There Is No Tiger
As I move toward working with more women in business, and am thinking about all the ways in which the Alexander Technique can support them in their work, I’ve been chatting with my friend Amira Alvarez, who used to be an Alexander Technique teacher and is now a business coach and mentor. We’ve been discussing the ways Alexander Technique now helps and supports her in the running of her business, and I’m planning on posting an interview with her about this next month.
In our discussions I remembered a blog post she wrote while she was still teaching Alexander Technique, which has a great message for all of us, and maybe especially for women in business as it’s so easy to go into overwhelm at everything that is thrown at us! She told me her students really liked back in the day, and she has generously shared the post with me for you all to enjoy!
There Is No Tiger
We all have fears – some small, some large. They could be fear of saying or doing the wrong thing, of public speaking, of networking or of talking to strangers. Fear of being late or changing lanes in traffic. Fear of talking to our boss or our partners. The fear of disappointing someone.
These are all fears that I’ve worked on myself or worked on with my students.
They all have something in common – how we respond to them. In fact, our response to them is how we know they are a fear.
Take changing lanes is traffic – one person may do it easily without tensing or feeling fear. Whereas another person clenches up, palms start sweating, breath gets short, neck tenses, and he generally gets anxious, stressed, and afraid. Same situation. Two totally different responses.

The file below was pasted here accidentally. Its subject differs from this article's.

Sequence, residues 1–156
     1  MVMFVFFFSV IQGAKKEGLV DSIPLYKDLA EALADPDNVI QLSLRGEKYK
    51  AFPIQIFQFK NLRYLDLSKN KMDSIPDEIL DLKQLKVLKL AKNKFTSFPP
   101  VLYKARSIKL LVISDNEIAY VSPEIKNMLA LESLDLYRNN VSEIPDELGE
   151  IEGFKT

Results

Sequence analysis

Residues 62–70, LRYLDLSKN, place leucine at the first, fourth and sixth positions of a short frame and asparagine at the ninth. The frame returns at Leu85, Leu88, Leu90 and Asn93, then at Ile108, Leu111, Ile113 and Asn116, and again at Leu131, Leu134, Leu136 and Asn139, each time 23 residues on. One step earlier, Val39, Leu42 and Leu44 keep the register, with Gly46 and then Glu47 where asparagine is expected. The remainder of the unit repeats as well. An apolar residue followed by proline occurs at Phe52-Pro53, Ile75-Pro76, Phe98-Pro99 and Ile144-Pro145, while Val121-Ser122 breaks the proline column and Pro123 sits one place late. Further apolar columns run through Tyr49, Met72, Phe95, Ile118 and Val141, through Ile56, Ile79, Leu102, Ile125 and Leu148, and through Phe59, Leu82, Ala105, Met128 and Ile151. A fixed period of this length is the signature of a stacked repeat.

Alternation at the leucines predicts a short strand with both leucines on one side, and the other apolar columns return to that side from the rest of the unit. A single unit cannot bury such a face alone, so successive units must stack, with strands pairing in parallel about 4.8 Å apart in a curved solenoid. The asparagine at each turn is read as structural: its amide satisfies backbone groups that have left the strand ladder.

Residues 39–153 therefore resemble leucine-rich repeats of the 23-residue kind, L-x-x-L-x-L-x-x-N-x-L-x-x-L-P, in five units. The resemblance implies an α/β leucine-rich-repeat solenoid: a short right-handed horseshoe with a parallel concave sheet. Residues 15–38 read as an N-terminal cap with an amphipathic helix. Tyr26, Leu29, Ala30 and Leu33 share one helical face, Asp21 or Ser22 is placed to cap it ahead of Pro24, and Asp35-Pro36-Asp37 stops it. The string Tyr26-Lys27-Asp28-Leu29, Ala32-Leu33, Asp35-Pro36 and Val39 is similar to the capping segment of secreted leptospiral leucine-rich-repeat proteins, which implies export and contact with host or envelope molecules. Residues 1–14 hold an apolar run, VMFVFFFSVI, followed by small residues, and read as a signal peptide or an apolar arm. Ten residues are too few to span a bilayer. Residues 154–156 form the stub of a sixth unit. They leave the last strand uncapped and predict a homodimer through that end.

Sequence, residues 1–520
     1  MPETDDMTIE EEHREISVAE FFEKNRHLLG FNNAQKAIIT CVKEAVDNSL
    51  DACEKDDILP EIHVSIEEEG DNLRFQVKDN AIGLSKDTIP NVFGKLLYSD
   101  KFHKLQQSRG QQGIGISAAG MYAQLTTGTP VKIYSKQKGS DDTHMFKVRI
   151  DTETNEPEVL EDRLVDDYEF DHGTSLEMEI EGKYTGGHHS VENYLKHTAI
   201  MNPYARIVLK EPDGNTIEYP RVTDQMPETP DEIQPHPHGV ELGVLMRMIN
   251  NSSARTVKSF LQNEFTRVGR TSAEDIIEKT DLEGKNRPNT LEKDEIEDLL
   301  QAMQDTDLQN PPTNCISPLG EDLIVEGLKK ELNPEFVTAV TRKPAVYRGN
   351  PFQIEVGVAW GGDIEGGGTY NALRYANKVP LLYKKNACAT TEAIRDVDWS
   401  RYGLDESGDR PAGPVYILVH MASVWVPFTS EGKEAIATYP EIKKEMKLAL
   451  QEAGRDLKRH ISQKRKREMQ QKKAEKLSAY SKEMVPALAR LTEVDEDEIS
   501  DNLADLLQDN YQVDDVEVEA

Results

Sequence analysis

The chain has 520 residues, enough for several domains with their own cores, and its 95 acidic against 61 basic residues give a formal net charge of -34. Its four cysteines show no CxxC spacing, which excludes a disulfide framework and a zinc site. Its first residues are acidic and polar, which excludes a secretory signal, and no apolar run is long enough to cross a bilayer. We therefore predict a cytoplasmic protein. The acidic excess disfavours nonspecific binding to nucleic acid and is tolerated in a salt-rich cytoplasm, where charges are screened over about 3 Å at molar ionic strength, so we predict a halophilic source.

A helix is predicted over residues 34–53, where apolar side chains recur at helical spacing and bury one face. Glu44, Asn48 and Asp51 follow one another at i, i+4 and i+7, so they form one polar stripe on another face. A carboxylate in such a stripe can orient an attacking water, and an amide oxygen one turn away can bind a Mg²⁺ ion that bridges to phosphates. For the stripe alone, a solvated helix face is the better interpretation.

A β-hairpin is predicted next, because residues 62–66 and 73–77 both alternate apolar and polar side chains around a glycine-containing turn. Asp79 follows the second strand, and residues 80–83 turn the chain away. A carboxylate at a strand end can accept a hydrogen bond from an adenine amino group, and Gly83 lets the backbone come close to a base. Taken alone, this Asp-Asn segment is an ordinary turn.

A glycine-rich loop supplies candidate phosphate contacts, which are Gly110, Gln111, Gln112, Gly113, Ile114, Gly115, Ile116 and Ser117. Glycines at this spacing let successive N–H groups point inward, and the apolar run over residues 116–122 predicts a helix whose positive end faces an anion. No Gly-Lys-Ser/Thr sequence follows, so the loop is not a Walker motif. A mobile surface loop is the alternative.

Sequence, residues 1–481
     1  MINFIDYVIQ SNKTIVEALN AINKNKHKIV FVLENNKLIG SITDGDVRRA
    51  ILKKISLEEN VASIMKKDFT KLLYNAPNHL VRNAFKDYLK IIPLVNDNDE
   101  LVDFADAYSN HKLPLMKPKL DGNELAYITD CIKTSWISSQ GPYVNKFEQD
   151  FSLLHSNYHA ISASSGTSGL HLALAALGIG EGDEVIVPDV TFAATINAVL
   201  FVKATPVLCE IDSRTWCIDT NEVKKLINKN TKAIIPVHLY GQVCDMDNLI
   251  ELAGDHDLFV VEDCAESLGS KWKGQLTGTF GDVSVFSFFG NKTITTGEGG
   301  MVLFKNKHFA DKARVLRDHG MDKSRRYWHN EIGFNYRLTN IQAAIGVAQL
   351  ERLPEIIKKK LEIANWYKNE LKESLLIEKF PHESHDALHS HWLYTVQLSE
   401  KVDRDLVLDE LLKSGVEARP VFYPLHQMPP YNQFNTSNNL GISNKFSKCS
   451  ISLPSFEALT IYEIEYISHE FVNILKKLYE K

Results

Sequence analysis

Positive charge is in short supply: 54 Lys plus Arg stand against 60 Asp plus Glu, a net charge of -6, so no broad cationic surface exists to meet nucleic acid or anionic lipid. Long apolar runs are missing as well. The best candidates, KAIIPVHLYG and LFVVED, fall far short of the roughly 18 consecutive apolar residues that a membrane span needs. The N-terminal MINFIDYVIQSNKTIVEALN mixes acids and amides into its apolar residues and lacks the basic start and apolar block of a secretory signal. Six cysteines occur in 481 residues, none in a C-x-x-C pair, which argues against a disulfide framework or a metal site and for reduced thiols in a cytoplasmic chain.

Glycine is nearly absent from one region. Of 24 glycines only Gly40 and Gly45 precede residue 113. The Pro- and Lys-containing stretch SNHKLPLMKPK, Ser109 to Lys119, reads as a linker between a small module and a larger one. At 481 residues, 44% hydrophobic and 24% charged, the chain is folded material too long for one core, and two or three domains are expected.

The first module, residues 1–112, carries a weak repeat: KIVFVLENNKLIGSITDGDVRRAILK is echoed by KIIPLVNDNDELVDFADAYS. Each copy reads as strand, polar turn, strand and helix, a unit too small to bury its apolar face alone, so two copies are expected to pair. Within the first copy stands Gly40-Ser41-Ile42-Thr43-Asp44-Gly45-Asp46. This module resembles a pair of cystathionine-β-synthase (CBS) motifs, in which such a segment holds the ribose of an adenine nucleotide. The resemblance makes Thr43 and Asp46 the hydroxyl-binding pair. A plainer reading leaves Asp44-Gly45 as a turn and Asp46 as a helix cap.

We know we’re afraid by the signals our bodies give us.
Common to all fear responses is tension in the neck. It’s part of the startle pattern, better known as “fight or flight.” You can learn to consciously release your neck in response to situations that you find scary. This frees you up and gives you a choice in how to respond. And this is one of the basic skills I teach – how to find choice.
One “mantra” I gave a student was: “There is no tiger.”
We chose this to symbolize that she didn’t need to overact and go into a full blown fight or flight response in reaction to her all daily activities.
So the mantra goes …
“There is no tiger… it’s only traffic.”
“There is no tiger… I’m only 10 minutes late.”
“There is no tiger… I’m only meeting a new person.”
“There is no tiger… I’m only changing lanes.”
“There is no tiger… it’s only a funny tone of voice.”
“There is no tiger… it’s only a deadline.”
“There is no tiger… it’s only the audience.”
“There is no tiger… it’s only confusion.”
“There is no tiger… it’s only ______.” You fill-in the blank.
Tip: implied in “There is no tiger” is the message “and I can let my neck be free, I don’t have to react like this.”
Now if there actually is a tiger, I can’t really help you. You might try making yourself look really BIG.
Let me know how this goes for you. How do you fill-in that blank? What’s your “tiger”?
If you have any comments for me or Amira, please leave them in the space below. As always, I’d love to hear from you.
And check out my Facebook page, if you’d like to find out what my “tiger” is!
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